Growing Metro-North ridership outstrips LIRR
After nearly three decades of almost continuous growth, Metro-North Railroad reached a milestone by overtaking the Long Island Rail Road in ridership from September, with the New Haven Line leading a recovery of passengers lost during the Great Recession, railroad officials said.
Overall ridership on Metro-North rose 2.7 percent between September 2009 and last September from 6.7 million trips to 6.9 million this fall, according to numbers provided to the Metropolitan Transportation Authority board this week.
The Long Island Rail Road saw ridership fall from 6.9 million in September 2009 to 6.8 million this fall, according to the MTA.
This September, ridership on the Metro-North New Haven Line grew from 3 million to 3.16 million year over year, a 3.8 percent increase, and overall revenue on the railroad's three lines was up four percent from 2009.
Metro-North Railroad President Howard Permut said that Metro-North's higher ridership numbers reflect decades of work since the agency took shape in 1983 that have doubled ridership on the Harlem, Hudson, and New Haven line regions from 42 million to over 84 million.
"I think the achievement in September was a terrific milestone for the entire Metro-North team," Metro-North Railroad President Howard Permut said. "I think this is the result of 27 years of really good work across the organization that reflects market research that tells us what people want and where they are travelling so we can make schedules that reflect their goals and desires, as well as our customer service. There are a lot of factors." Quicker growth on the New Haven Line reflects the correlation between capacity improvements in rail service to and from the Stamford and Greenwich area in the past decades, which have attracted businesses to the region.
An average of 25,400 people travel to and from the Stamford railroad station each weekday, and 8,700 from the Greenwich station, according to the railroad.
This year, the Long Island Railroad has suffered a series of setbacks which have chipped away at ridership, including a fire which has impacted signaling systems in Jamaica, and service suspensions over the Labor Day Weekend which led to suspension of service to many areas.
Connecticut Rail Commuter Council Chairman Jim Cameron said that a more robust growth rate on the New Haven Line than on either the Harlem or Hudson service might indicate Connecticut's economic centers like Stamford are recovering more quickly than others served by the railroad.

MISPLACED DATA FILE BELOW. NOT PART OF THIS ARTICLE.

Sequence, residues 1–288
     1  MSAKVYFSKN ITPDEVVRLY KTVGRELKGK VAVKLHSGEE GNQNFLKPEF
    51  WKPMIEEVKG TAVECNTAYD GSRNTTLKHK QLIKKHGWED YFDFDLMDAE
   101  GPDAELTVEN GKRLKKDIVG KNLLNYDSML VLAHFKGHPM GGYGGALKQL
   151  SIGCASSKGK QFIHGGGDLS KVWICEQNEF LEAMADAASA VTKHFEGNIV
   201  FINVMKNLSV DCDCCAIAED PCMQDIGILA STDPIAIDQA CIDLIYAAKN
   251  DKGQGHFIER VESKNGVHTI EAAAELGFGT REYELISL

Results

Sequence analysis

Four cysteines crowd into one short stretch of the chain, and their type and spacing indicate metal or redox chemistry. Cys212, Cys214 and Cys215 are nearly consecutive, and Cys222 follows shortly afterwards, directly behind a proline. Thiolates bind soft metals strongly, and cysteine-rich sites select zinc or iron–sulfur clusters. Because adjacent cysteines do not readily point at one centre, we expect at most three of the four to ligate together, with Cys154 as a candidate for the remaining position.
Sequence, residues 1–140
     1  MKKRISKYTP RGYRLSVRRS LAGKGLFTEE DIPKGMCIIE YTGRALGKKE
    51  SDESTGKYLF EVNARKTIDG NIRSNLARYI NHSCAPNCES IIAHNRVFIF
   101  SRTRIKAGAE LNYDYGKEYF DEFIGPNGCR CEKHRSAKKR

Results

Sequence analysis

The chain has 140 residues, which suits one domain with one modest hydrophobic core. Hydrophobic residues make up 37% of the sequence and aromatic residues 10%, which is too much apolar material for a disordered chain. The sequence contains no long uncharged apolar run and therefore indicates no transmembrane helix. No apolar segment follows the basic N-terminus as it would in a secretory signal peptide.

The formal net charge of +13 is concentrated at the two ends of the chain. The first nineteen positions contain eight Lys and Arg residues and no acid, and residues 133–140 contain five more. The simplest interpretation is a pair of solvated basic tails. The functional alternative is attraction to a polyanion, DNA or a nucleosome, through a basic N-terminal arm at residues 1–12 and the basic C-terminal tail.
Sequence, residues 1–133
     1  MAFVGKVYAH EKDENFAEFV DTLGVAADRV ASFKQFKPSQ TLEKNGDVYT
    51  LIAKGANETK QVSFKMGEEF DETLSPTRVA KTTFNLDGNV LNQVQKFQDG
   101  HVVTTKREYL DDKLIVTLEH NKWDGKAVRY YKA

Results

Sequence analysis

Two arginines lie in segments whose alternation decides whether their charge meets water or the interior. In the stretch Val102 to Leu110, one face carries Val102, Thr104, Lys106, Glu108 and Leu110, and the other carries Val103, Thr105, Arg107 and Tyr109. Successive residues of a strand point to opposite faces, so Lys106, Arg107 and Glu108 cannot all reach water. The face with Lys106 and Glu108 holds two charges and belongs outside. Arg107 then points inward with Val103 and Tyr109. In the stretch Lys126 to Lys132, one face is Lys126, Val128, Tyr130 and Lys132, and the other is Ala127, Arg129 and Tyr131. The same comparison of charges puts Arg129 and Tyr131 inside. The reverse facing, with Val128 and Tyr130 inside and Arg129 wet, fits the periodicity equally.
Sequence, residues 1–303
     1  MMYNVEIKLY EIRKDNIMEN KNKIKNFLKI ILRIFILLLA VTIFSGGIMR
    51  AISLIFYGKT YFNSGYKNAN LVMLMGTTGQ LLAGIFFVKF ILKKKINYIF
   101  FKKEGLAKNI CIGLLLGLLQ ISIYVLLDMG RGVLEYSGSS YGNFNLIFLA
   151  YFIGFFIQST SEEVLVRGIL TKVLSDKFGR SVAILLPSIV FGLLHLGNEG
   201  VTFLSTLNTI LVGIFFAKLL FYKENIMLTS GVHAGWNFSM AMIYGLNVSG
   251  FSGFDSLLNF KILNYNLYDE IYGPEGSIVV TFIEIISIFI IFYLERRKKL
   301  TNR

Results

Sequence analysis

The gradual arrival of the New Haven Line's new fleet of M-8 rail cars will only boost the popularity of using the trains to travel to work or for discretionary travel for shopping, shows, or events, Cameron said.
"It is clearly the largest single division of Metro-North and growing faster than the others," Cameron said. "It would be safe to predict that that will only improve and ridership expand with the arrival of the new cars and more frequent service because of more cars available." Bob MacLagger, vice president of planning for Metro-North, said that the railroad has gradually been catching up to LIRR for many years, and expect a modest growth in peak time ridership on the New Haven Line in coming years.
The new M-8 cars will also reduce crowding on M-2, M-4 and M-6 cars, which is one of the foremost complaints of New Haven Line riders, MacLagger said. Metro-North Railroad trains travelling peak times are on average 95 percent full, according to the railroad.
Metro-North has also kept an impressive record of on-time performance service in recent years, with 97.9 percent of trains arriving on schedule this year, MacLagger said. By the same measure, Long Island Railroad arrives promptly 92 percent of the time.
"The New Haven Line is growing 2 percent faster than the Harlem or Hudson line," MacLagger said. "Even with the older fleet the way that it is, we've seen slow but steady growth on the New Haven Line." MacLagger said the opening of a Yankee Stadium station and regular one-seat service to home games has boosted ridership, with nearly 300,000 people taking trains to Yankees games this year.
"A lot of that comes from the New Haven Line and those are the type of services along with shopper specials that people want and help drive ridership," MacLagger said.